With all their talk of duration, credit and accruals, debt funds seem to be designed to thoroughly confuse the retail investor
18-Jun-2015 •Aarati Krishnan
Today, the mutual fund industry prides itself on selling the most transparent and investor-friendly products within the financial services industry. Mutual fund houses like to pat themselves on the back for marketing products that are easy to understand, benchmarked against publicly available indices, rated by third-party agencies and moreover have well-defined mandates and portfolios that investors can assess for themselves. But while all this may apply to equity funds, debt funds are a different animal altogether.
What's your call?
First let's talk about simplicity, which is completely missing with the debt fund category. In the equity category, MFs have a simple proposition to offer to investors. Buy a diversified equity fund with a good track record and hold it tight until you need the money.
But ask a fund house about its debt schemes and you are likely to soon have your head spinning. If you would like to take a 'duration call' with low 'credit risk', you can buy medium to long term gilt funds. If you would like an 'accrual strategy', you must buy corporate bond funds. If you would like a mix of 'duration calls' and 'credit calls', income funds will suit you.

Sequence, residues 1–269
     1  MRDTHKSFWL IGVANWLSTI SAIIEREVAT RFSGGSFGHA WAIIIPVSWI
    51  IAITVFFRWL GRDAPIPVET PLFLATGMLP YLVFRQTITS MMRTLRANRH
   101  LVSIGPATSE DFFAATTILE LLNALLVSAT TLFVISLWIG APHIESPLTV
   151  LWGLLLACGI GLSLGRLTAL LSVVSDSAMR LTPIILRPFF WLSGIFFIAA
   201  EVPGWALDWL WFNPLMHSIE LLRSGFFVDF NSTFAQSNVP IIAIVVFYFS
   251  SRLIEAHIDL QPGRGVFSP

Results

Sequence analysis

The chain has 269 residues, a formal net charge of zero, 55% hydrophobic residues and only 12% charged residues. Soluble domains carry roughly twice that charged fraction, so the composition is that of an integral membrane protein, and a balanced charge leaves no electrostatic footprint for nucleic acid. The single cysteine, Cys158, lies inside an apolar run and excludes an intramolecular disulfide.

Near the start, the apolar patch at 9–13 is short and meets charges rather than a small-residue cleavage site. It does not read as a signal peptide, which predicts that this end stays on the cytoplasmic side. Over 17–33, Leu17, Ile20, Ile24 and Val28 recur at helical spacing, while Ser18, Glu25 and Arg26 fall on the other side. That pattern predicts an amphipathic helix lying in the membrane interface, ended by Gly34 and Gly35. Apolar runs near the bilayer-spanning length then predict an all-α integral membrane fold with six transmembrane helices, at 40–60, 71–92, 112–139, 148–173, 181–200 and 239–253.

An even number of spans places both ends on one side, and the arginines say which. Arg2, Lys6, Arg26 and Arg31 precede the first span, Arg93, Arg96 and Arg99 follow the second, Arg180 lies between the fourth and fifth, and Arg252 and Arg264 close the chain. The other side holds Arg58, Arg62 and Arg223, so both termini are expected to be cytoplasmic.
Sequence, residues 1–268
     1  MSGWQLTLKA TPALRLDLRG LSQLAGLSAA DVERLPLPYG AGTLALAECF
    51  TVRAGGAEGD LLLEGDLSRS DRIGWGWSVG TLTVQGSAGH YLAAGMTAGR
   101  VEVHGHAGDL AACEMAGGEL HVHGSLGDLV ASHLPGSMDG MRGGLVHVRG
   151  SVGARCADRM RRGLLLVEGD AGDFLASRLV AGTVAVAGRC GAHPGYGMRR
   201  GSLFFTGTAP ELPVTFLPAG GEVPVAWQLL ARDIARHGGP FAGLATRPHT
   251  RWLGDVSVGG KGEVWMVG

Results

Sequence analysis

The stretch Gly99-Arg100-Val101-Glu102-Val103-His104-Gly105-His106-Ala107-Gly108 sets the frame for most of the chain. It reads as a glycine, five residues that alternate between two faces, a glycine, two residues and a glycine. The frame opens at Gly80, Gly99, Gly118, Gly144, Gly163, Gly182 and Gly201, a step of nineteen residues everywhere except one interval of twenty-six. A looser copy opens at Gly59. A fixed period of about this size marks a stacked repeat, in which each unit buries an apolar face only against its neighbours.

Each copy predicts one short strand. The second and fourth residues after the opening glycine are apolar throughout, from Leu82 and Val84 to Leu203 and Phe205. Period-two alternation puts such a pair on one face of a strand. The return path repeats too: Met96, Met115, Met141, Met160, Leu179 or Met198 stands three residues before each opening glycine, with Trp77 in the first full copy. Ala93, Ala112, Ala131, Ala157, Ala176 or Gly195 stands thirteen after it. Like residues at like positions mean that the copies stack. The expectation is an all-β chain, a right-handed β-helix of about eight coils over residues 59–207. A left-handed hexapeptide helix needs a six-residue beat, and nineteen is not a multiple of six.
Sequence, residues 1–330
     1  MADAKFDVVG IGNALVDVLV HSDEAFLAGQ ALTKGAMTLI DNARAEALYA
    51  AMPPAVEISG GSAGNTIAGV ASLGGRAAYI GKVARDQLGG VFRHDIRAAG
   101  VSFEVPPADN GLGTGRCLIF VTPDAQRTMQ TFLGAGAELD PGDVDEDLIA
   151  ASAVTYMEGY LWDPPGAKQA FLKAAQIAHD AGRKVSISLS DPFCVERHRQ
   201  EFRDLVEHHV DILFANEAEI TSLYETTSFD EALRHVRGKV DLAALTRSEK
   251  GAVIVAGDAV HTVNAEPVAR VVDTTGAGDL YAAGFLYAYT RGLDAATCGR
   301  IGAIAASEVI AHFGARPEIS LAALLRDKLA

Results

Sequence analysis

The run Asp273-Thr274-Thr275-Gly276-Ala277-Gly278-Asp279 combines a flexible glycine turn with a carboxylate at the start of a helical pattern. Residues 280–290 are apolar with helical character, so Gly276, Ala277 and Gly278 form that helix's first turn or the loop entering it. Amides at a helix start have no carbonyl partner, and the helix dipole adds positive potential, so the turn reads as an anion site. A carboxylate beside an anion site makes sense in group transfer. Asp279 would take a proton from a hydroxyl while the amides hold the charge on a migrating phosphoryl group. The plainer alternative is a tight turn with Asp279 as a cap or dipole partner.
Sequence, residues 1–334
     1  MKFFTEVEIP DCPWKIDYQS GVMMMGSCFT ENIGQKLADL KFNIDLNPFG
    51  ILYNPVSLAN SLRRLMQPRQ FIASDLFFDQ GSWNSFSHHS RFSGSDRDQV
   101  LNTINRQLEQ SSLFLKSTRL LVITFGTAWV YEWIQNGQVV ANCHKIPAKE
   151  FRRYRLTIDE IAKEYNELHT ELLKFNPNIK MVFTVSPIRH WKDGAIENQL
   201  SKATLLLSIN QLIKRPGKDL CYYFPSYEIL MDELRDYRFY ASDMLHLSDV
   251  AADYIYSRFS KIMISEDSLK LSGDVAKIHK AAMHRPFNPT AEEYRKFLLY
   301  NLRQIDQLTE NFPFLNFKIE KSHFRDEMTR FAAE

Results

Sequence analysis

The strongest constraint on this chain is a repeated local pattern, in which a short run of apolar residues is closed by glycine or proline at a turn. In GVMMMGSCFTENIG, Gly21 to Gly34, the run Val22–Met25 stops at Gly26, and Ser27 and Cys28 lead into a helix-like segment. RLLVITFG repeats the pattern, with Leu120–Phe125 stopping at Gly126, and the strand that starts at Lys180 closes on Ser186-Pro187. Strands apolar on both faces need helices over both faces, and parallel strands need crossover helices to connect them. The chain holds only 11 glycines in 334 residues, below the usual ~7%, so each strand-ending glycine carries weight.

To most lay investors, this is Greek and Latin. If a retail investor knew when to take a 'duration call' and when to take a 'credit call' he would scarcely hire a fund manager to buy bonds on his behalf.
Fund houses try to 'simplify' this by asking investors to choose their debt funds based on their investment horizon. If you are a 'long term' investor, buy medium to long term gilt funds; if you have a short horizon of a year, stick with short term income funds. If you are looking for a 3 month product, go for liquid funds.